Luxury has also been classified in terms of its accessibility by Allérès (1990) who identifies three levels of luxury: i) inaccessible (exclusive unique items), ii) intermediate (expensive replicas of unique items), and iii) accessible (factory produced in large production runs). In the contemporary era, we are witnessing a democratization of access to luxury, and a proliferation of terms, such as new luxury or mass luxury. According to Kapferer and Bastien (2012), this is the result of, on the one hand, the efforts of traditional brands to trade up, and, on the other hand, the drive for profits among luxury businesses by offering products and services to a wider global market. Such changes also reflect the fragmentation of the production process, such that the design of luxury goods and services may involve significant artistic inputs and craftsmanship, but the final goods and services can be mass produced in low-cost locations without any loss of quality (Thomas, 2007). Moreover, globalization has given rise to highly profitable niche luxury markets that can be reached through the Internet and social media platforms (Anderson, 2009) as well as in the first class airport transit lounges through which the wealthy pass en route to their next destination. Formerly regional and national niche luxury markets can be aggregated into highly profitable global markets, allowing producers to gain economies of scale, yet because their luxury products are distributed across the globe, they retain an exclusive quality in local contexts.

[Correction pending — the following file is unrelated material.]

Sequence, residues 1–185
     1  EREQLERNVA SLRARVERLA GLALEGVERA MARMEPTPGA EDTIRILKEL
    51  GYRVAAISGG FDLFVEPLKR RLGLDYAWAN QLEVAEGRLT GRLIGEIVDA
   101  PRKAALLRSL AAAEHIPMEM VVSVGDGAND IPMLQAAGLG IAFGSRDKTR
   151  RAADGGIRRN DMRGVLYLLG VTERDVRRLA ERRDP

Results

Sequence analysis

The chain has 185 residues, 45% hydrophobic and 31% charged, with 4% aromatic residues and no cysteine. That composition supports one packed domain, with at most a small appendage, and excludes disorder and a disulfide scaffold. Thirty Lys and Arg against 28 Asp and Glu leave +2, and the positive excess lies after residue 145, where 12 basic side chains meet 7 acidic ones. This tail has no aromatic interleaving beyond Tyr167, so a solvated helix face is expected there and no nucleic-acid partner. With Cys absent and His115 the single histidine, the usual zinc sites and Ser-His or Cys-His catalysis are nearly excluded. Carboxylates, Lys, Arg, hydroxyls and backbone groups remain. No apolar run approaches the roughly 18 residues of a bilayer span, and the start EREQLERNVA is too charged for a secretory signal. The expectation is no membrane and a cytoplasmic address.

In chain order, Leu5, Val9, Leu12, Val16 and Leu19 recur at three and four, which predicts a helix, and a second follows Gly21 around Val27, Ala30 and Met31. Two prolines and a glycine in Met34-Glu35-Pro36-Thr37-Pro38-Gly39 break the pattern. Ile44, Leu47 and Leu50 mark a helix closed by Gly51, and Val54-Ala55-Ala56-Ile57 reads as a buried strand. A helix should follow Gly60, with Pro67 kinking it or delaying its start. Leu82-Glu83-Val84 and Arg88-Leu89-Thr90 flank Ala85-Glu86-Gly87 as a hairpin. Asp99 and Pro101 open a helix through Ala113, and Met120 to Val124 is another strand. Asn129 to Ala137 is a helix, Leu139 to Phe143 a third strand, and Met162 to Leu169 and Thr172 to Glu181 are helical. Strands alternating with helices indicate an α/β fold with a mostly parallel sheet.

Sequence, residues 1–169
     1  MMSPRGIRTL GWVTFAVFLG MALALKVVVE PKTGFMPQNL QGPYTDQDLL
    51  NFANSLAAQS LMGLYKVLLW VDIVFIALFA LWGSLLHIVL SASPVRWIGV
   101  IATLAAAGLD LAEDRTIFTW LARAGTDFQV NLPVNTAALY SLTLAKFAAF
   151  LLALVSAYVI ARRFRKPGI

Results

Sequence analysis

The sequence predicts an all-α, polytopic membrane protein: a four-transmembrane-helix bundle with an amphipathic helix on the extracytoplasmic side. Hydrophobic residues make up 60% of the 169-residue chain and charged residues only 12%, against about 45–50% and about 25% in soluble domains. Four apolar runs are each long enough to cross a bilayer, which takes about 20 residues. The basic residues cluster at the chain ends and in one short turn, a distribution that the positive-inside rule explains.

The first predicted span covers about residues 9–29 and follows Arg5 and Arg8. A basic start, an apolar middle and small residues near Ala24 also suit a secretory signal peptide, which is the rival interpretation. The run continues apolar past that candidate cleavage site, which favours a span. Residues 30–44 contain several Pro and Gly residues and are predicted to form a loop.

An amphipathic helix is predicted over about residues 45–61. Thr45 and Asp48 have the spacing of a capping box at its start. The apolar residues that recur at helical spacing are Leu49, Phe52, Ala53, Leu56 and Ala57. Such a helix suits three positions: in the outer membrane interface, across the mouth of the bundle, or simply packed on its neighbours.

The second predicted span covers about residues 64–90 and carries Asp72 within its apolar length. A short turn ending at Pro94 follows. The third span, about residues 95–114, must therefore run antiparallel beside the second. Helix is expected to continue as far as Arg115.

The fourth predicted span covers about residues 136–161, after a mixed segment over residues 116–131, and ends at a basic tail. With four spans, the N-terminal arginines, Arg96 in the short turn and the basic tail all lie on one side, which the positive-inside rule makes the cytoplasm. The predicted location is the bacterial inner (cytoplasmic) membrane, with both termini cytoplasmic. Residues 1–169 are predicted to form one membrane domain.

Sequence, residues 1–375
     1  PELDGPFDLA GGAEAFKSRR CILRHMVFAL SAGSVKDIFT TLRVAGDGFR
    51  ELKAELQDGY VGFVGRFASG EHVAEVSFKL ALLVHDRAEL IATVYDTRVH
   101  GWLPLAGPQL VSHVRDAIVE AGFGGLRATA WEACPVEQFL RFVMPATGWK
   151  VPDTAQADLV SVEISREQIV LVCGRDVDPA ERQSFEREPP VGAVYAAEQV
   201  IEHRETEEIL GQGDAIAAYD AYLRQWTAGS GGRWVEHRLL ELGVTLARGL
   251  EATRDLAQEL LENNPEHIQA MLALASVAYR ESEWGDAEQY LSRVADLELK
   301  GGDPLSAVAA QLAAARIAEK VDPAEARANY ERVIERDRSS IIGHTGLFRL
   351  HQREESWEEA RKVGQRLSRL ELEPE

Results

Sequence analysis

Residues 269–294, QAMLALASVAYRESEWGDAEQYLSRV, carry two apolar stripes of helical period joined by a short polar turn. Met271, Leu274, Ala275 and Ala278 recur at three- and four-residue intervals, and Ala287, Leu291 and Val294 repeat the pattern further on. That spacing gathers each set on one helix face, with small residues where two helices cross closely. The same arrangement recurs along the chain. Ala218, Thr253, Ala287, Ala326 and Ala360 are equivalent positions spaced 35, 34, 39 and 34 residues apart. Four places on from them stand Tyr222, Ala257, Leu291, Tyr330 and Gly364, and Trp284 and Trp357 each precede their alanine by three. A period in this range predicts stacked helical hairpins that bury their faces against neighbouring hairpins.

This shift to mass luxury has been accompanied by the emergence of the idea of meta-luxury (Ricca & Robins, 2012) and über luxury (Quintavalle, 2013) as counter terms to those that signify the trend towards luxury for all and to make a distinction between mass produced luxuries and those luxuries that remain exclusive, often because they are the result of high levels of skill and craftsmanship, and their cost renders them accessible only to ultra-high-net-worth individuals (i.e., those individuals having a net worth of at least $30 million USD [Wealth-X and UBS, 2014]).
The meaning of luxury varies through time and space, and across economic, social, and cultural contexts. For instance, in 1900, a telephone would have been a luxury, but today it is a necessity in most parts of the world. Additionally, the possession of an Internet-connected computer may be regarded as a luxury in present day's least-developed countries, yet this is seen as a necessity in advanced nations. Moreover, the meaning of luxury has become stratified, reflecting a hierarchy of luxury. In other words, luxury is not a fixed concept but rather a relative and socially constructed term.